ORIGINALLY PUBLISHED IN THE GEORGIA STRAIGHT, JULY 29, 1999
I remember seeing the original Haunting when I was a kid, and it scared the stuffing out of me, mostly because of what director Robert Wise didn’t show in his 1963 haunted-house study. The scene I recall most vividly is that of a terrified Julie Harris and Claire Bloom sitting bolt upright in a huge bed in the dead of night while someone—or something—pounded relentlessly on their thick wooden door. Wise and his stable of superlative actors brought to life Shirley Jackson’s 1959 novel, The Haunting of Hill House, and by the time the film’s narrator quoted those famous last words from the novel—“whatever walked there, walked alone”—it was time to go to bed and pray that my own bedroom door didn’t start pounding.
Judging by the smattering of grey-haired old ladies at a recent matinee screening of director Jan De Bont’s new version of The Haunting, I wasn’t the only one hoping for a renewal of the spine-tingling buzz I got 30-some years ago. Unfortunately, in these days of overinflated budgets and computer-generated special effects, subtlety is a lost art. And the bombastic overkill that helped make De Bont’s Speed 2 the most disappointing sequel of the decade is in full bloom here.
In De Bont’s update, Liam Neeson stars as a research psychologist who lures three people to the sprawling and forbidding Hill House for what he tells them is a sleep-disorder study. What the two-faced doc is really undertaking is an experiment in the psychology of fear, and his unwitting subjects are the sheltered and vulnerable Nell (Lili Taylor), the cynical and wisecracking Luke (Owen Wilson), and the exuberant and babe-a-licious Theo (Catherine Zeta-Jones).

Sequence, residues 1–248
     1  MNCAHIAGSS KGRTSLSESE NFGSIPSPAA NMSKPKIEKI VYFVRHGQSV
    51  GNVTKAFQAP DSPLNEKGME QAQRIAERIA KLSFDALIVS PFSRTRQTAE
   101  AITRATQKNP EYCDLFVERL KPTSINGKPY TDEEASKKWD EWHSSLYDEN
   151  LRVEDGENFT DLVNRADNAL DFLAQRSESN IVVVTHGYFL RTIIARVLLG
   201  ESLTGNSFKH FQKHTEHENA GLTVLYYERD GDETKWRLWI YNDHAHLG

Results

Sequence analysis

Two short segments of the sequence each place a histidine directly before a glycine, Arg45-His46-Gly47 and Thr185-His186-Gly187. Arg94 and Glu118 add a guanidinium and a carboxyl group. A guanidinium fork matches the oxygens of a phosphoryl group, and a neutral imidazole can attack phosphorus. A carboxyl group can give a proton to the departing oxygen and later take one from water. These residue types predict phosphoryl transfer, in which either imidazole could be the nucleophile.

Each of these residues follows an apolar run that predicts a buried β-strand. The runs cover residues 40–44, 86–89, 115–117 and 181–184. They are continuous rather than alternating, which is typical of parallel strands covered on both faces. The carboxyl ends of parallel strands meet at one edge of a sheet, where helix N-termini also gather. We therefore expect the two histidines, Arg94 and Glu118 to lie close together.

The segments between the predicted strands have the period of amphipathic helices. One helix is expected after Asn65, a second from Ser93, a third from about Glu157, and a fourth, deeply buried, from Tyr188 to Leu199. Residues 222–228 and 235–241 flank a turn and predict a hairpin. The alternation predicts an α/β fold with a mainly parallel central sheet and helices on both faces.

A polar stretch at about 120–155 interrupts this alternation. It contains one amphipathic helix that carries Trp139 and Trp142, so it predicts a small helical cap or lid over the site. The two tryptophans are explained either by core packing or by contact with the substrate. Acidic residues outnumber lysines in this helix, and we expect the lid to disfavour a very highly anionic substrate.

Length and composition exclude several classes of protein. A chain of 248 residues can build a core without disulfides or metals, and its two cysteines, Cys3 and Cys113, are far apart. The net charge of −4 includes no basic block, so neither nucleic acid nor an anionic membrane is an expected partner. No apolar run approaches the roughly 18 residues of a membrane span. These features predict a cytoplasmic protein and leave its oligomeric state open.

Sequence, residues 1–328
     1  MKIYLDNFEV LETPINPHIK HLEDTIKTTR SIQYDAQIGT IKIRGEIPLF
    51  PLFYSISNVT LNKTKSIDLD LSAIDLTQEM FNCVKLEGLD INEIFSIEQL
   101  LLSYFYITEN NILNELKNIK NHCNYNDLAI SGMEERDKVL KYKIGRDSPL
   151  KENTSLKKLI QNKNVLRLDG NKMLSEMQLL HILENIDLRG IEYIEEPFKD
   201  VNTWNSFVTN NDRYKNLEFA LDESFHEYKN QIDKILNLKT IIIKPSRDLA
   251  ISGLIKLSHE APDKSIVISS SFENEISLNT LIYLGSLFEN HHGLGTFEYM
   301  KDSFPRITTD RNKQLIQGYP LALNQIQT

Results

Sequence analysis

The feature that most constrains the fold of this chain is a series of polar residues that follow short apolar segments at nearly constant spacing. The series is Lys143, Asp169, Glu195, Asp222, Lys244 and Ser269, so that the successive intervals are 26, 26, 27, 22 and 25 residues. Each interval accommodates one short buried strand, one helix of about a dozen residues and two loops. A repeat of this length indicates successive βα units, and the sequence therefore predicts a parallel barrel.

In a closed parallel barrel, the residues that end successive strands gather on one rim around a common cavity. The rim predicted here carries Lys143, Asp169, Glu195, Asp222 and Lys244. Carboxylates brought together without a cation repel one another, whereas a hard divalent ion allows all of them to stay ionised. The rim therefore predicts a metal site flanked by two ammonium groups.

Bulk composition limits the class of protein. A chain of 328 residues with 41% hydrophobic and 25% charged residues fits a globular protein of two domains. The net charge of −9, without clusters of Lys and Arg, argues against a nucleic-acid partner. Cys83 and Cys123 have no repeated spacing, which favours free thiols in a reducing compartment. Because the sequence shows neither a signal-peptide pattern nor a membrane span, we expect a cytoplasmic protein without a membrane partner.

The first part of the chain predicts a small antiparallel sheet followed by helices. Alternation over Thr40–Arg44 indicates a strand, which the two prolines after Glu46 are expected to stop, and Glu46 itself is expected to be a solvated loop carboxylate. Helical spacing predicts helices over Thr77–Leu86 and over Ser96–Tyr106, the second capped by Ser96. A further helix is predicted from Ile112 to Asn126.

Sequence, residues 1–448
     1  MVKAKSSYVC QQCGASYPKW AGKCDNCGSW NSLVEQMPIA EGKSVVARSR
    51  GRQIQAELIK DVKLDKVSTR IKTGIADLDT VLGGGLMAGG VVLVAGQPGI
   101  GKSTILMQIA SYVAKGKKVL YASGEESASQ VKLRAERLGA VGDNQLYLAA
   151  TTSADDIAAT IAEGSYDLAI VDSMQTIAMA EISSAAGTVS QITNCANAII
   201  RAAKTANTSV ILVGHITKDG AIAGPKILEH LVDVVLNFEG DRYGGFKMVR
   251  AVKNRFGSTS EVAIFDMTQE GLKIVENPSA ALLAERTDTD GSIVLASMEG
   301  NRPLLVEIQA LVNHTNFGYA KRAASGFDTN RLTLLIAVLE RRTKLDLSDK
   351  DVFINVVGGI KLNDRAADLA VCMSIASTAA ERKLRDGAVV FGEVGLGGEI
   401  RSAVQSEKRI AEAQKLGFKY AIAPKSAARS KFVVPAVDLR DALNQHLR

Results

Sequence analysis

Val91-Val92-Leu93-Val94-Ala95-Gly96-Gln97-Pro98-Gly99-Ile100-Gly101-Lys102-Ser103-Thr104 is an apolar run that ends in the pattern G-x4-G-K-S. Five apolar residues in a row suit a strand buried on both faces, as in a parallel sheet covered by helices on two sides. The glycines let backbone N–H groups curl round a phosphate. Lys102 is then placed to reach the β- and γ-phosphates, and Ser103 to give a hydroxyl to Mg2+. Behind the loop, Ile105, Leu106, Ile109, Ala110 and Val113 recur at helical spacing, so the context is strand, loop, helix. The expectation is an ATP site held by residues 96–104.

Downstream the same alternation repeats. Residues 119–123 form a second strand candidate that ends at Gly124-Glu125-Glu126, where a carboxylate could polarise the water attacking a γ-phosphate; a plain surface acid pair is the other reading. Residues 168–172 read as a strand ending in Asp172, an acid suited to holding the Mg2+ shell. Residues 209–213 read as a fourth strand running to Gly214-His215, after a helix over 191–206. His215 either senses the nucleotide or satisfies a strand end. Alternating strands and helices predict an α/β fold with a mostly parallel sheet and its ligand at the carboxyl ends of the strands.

After being curtly shown their rooms and cryptically warned about the place by a deranged-looking servant (Marian Seldes), then chained in for the night by her cosmic hubby-caretaker (a wasted Bruce Dern), the three guinea pigs and their ringmaster soon find themselves at the mercy of the fanciest visual effects Hollywood can buy. Ornate fixtures come to threatening life, decrepit metal staircases lose their screws, and the expressions on carved-wood faces switch from solemn to freaked. But most of it is just high-tech wanking; the movie’s only real scare—which caused me and several other viewers to jolt in our seats—results from that old skeleton-comin’-at-ya gag.
When filming The Haunting’s climax, De Bont must have had a Twister flashback, because he went totally overboard with a virtual windstorm of ghost-on-the-rampage simulations. By physically exposing all of Hill House’s sinister innards, he’s left us with nothing to think (and worry) about when the lights go out at night.